Time Wasting at Work: Part of Life or Corporate Fraud?
Time-Wasting at Work: Counting the Cost
In an age where we’re constantly glued to screens, the temptation to rebel against the working day – procrastinating, browsing leisurely websites, meddling with the staple gun so it fires blanks – has never been higher. And as we work more autonomously than ever before, people can easily gravitate towards non-ancillary tasks.
This blasé attitude, however, threatens the livelihood of both the employee and business owner. You’re paying someone to be doing a certain thing for a certain amount of time; any transgression from that trust is money down the drain. Let’s take a look at the issue, and where employers should draw the line:
Common time-wasters at work
Workers who resolutely take against their employer’s standards of behaviour fall into several distinct camps. There’s the obvious practical joker, fond of setting colleagues up for insults that aren’t funny, swanning to and fro with an easy smile on their face. Then you have the vigilante, the quiet insubordinate who, despite appearing focused, sends mass emails to the workforce whilst commenting on news websites.
Third, and hardest to detect, are the underachievers. They form the biggest group because they most commonly want to reward themselves for a job well done. The problem is that a 15-minute detour to Reddit is time that could have been spent making even more of an impact on the project at hand. They might slip under your radar, which is a problem for identifying who’s raising their game, and who’s coasting by on good will.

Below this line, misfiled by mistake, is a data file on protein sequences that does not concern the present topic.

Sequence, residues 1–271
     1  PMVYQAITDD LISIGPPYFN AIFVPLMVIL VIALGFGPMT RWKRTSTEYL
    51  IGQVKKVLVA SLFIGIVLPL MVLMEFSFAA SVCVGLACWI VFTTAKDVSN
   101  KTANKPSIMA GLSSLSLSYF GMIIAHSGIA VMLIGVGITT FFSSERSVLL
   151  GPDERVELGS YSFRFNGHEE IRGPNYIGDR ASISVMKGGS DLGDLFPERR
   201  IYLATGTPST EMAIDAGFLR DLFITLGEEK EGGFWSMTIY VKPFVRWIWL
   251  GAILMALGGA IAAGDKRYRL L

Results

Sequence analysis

Identifying the culprit
Procrastination during work hours is a given in any business; try as you may, you’re never going to be able to clamp down on texting, social media and office pranks completely. Besides, this could have a negative effect on morale.
Where things get serious is when employees begin to lie about their hours. This could be logging extra hours when working from home, going for ‘meetings’ that never existed, or even claiming they were in the building when this simply wasn’t the case.
As an employer, it’s important to recognise that this is nothing short of fraud. The occasional dalliance may be tolerated as a management issue, but consistent rule breaking within an organisation constitutes defrauding money in wages.
Tackling Corporate Fraud
When you begin to suspect there is a problem, or rumours from colleagues start getting back to you, it can be difficult to find the time or means to investigate the issue in house. Besides, legislation surrounding privacy can prove a nightmare for employers looking to undertake surveillance.
Reveal Private Investigations can monitor the behaviour of workers that you suspect may be lying about their hours, helping you tackle absenteeism and fraud in a covert, legal and appropriate manner.
Everything you discuss with us is completely private – we’re simply here to ensure you aren’t being taken for a ride. To have a confidential and no-obligation chat about your staffing issues, give us a call on 0330 223 2933 today.